Duke ASA organizes first-ever Asian Creatives Festival

<p>During the week of Oct. 26, members of the Duke community can attend virtual student-led workshops designed to celebrate the work of Asian creatives.</p>

During the week of Oct. 26, members of the Duke community can attend virtual student-led workshops designed to celebrate the work of Asian creatives.

At this point in the semester, we all know the Zoom drill — wake up, roll out of bed and into your desk chair, and promptly turn your camera off to go make a cup of coffee. I would strongly recommend actually getting out of bed, though, or else you might end up like me: falling back asleep in the middle of your math lab in a breakout room. This is just one of the many reasons why the Asian Students Association (ASA) has taken a different approach when developing their inaugural Asian Creatives Festival (ACF) this fall.

Throughout the week of Oct. 26, members of the Duke community can attend virtual student-led workshops designed to celebrate the work and passions of Asian creatives on topics ranging from tea ceremonies to graphic design. According to ASA’s Facebook page, the festival will be “an opportunity for our community to learn and grow different artistic skills as well as see the unique and vast talent others have. [The] Asian Creatives Fest is for anyone who has ever thought of the crossroads of their ethnic culture, identity, and arts and is open to all skill levels.”

“We don’t just want this to be a bunch of performances, per se, that people watch. We wanted it to be more hands-on… We wanted to engage people more”, said ASA co-events chair Jamie Lim, T ‘22. “You can learn something new, it’s fun, it’s not like you’re going to class.”

If you are still feeling hesitant to sign up for Zoom workshops, senior and co-events chair Rena Zhong assures that your Zoom experience with ACF will not resemble the, at times, mind-numbing experience of sitting in a lecture or attending a webinar.

“Zoom fatigue comes a lot from being in lecture and listening to someone talk at you without having interactions with other people,” Zhong said. “So I think the workshops would give people a chance to actually talk to each other.” 

There are a range of workshops in the arts, including quite a few focused on different forms of dance. For any student interested in dance or even if you’re just looking for ways to be active this fall, there’s a workshop for you at the ACF, even if you’re totally unfamiliar with Asian forms of dance.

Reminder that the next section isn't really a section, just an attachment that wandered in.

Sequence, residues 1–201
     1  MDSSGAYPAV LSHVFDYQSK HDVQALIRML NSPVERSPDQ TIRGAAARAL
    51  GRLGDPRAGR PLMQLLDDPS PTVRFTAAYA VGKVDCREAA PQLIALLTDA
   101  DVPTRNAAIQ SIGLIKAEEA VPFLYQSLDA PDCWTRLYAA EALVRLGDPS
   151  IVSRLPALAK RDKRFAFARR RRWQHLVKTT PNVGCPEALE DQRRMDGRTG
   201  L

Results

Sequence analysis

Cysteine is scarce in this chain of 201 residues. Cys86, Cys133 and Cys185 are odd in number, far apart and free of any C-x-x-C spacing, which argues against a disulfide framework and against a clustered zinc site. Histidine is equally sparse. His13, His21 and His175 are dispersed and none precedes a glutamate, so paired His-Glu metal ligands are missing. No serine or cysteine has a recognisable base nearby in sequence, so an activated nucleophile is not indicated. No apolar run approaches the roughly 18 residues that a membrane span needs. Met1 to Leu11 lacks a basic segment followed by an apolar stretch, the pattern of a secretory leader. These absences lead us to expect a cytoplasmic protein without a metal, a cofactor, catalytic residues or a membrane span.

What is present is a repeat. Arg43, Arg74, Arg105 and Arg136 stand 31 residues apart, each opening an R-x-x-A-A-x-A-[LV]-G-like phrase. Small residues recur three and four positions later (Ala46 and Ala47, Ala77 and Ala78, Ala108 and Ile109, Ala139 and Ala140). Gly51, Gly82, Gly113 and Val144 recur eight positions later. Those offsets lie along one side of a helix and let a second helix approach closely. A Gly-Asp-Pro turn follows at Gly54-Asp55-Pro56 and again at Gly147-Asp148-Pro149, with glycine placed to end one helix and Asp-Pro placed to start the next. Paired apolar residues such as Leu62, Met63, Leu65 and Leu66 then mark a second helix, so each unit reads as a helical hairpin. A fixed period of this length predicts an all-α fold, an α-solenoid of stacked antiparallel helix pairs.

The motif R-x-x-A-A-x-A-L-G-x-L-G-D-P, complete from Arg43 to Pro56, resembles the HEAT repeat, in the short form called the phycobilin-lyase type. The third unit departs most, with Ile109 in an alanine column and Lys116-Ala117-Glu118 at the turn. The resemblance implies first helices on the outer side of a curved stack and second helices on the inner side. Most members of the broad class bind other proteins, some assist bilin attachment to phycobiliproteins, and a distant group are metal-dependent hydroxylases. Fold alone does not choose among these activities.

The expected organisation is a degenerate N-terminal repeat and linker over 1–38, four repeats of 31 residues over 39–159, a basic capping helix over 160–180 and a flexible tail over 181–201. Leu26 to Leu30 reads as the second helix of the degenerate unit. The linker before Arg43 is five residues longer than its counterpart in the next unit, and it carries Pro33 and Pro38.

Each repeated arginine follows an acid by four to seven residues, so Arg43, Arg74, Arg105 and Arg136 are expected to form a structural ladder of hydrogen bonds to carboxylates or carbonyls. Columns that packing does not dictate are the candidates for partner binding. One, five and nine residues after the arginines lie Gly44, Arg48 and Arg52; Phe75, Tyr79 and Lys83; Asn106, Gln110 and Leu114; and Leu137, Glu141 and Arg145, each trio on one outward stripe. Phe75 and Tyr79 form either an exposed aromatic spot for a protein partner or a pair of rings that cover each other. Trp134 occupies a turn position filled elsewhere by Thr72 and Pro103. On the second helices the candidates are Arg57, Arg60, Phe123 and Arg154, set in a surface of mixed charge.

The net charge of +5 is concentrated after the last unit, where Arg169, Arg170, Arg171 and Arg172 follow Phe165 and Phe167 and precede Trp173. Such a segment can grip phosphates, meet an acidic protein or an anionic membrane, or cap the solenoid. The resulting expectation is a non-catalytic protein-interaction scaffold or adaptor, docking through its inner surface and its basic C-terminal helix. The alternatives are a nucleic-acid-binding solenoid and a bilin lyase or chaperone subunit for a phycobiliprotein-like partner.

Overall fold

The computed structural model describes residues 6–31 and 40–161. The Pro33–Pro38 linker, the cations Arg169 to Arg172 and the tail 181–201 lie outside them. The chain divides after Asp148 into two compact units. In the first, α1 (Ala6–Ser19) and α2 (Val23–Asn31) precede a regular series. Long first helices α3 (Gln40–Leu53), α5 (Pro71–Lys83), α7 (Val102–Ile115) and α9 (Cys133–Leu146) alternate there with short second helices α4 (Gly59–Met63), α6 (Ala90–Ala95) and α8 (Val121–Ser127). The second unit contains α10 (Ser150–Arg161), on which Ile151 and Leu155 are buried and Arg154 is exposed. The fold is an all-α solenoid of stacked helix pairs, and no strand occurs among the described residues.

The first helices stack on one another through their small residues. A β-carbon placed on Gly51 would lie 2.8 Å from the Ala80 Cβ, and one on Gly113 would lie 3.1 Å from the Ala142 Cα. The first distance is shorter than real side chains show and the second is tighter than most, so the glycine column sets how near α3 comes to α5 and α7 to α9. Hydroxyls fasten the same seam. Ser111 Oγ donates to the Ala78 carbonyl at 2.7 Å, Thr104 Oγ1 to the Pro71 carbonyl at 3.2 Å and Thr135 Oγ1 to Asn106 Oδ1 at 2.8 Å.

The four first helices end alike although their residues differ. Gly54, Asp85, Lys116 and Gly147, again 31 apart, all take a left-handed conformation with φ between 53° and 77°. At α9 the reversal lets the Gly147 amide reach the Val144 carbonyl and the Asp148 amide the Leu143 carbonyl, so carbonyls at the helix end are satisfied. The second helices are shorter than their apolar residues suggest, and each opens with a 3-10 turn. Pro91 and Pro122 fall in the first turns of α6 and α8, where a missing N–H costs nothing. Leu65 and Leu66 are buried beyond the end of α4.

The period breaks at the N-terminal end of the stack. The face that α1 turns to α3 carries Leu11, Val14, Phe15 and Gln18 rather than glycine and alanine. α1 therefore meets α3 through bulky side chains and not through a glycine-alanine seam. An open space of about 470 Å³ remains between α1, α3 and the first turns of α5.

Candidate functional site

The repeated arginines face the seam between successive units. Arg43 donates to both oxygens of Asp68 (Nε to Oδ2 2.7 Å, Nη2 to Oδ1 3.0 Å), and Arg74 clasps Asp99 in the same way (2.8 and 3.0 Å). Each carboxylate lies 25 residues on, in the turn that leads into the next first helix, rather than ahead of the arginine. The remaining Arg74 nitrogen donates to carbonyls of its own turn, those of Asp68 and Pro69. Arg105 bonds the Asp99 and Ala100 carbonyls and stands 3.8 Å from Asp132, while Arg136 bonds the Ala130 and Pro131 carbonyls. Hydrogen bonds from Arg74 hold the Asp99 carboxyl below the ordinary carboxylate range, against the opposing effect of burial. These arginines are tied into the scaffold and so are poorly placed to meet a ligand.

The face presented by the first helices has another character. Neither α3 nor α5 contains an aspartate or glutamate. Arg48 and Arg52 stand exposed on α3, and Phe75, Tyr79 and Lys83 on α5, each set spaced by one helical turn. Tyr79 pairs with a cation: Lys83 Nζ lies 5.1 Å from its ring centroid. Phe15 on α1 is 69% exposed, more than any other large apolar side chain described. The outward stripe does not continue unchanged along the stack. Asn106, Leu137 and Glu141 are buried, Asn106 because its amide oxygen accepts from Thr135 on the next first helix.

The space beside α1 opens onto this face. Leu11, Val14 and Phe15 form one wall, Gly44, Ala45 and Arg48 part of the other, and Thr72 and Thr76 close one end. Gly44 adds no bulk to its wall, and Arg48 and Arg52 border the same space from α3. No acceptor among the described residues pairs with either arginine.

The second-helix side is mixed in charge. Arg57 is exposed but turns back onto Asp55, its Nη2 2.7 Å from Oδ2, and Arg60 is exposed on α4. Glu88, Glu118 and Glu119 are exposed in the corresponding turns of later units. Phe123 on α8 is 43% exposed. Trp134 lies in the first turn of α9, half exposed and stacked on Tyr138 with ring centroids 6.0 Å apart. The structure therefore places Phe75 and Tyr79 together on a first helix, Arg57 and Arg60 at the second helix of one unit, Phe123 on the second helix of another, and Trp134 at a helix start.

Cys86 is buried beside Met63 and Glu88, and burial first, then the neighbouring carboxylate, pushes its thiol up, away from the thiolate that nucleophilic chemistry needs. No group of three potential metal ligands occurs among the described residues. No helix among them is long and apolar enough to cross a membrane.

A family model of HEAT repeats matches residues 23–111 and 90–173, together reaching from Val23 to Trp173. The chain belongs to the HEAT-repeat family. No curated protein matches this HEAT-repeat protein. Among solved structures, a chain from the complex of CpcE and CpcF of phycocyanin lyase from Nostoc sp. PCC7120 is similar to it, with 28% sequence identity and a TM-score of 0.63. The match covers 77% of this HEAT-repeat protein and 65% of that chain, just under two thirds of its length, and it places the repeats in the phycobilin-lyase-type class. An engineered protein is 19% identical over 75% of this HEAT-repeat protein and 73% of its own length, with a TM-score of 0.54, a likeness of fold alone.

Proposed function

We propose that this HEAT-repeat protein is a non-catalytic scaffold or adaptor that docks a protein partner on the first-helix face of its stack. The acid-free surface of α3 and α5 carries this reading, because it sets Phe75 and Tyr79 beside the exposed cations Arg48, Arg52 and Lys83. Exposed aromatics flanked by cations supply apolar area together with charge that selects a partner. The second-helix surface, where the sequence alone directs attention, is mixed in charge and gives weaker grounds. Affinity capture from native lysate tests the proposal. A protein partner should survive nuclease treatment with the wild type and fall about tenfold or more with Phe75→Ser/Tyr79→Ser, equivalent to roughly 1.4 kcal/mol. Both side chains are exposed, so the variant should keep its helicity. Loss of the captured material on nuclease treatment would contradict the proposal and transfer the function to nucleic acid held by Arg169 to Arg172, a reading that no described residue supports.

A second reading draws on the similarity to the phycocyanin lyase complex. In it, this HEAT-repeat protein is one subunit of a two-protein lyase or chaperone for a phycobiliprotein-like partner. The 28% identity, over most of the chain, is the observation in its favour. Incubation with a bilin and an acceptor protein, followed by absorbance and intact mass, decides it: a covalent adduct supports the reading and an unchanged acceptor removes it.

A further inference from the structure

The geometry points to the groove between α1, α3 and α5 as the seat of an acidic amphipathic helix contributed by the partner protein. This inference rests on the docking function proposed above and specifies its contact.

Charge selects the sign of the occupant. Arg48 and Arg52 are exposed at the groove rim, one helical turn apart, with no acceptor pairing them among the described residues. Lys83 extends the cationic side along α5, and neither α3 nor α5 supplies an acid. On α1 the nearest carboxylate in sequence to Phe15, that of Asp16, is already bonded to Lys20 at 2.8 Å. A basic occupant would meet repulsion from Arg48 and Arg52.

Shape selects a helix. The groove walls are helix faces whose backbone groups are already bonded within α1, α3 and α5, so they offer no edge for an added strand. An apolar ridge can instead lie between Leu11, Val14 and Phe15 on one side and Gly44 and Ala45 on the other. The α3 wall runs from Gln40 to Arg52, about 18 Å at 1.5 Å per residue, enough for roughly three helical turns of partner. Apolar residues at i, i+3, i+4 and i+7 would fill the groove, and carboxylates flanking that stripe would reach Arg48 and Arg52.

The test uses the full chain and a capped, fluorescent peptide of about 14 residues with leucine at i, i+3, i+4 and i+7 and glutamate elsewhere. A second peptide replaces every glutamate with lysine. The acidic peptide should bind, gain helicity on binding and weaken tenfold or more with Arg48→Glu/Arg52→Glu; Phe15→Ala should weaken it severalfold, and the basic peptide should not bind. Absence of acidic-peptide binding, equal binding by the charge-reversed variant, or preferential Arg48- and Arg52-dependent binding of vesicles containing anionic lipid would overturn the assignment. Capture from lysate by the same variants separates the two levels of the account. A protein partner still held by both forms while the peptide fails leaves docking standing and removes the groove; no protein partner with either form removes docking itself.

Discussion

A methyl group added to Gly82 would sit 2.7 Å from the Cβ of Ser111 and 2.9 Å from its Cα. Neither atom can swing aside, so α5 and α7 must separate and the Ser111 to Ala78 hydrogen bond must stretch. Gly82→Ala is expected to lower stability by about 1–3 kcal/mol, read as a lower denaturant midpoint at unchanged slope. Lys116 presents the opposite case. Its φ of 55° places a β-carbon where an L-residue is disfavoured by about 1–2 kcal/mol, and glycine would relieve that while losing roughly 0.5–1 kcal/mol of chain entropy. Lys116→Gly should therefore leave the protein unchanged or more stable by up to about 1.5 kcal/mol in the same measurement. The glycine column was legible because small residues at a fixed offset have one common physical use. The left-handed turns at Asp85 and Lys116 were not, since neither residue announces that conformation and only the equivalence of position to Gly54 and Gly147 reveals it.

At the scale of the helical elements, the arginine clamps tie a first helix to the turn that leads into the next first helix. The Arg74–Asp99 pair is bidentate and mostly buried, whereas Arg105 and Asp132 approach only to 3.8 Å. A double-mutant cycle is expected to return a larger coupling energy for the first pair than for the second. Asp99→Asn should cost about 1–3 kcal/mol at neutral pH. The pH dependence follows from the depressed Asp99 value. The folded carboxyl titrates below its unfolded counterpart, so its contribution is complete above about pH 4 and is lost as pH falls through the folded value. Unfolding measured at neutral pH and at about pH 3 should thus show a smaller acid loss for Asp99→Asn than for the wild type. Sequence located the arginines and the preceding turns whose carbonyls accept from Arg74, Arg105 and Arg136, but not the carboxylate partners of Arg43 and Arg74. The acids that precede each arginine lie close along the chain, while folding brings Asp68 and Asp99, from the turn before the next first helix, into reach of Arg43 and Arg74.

Among these workshops are the Duke Chinese Dance workshop, hosted by Duke Chinese Dance (DCD) and a K-pop Dance Workshop hosted by Pureun. Or, if the performing arts aren’t necessarily your cup of tea, there are plenty of other workshops to attend, such as an origami workshop.

“We also wanted to create a space for people who aren’t necessarily in the performing arts. For example, our poetry workshop or our graphic design workshop. We still wanted to have a space for those types of creative arts as well,” said Lim. 

Although this year’s ACF is shaping up to be a great week of events, the festival was not originally intended to be virtual. 

“The original envisioning of the event by Rena was that it was going to be a day in the Ruby. All day there would be workshops and performances going on. We would maybe have an art exhibit” Lim said.

Transitioning to virtual programming has been an obligation for most organizations on campus  this fall because of the pandemic, but that hasn’t stopped ASA from engaging with first years and making the most of the virtual situation. So far, they have hosted online events such as “Among ASA”, where members all played the game “Among Us” together, and “(Boo)kbagging”, where students sought bookbagging advice from upperclassmen. If you are interested in getting involved with ASA, they have created a website which details all of their upcoming events for the semester as well as the schedule of events for the ACF.

Looking towards the future of the Asian Creatives Festival, Zhong expressed hope that sometime relatively soon students would be able to attend the event in the Rubenstein building and interact with each other in-person.

“I hope next year’s exec and board will continue this tradition. Hopefully, if things are okay again and everyone is back on campus, they’ll be able to do something at the Ruby where people can actually go to workshops physically and see these performances live,” Zhong said.

The hope that we can begin to gather and connect again as a Duke community in the near future has been a universal feeling this fall, but in the meantime, check out virtual events such as the ACF as clubs make the best of our current reality.


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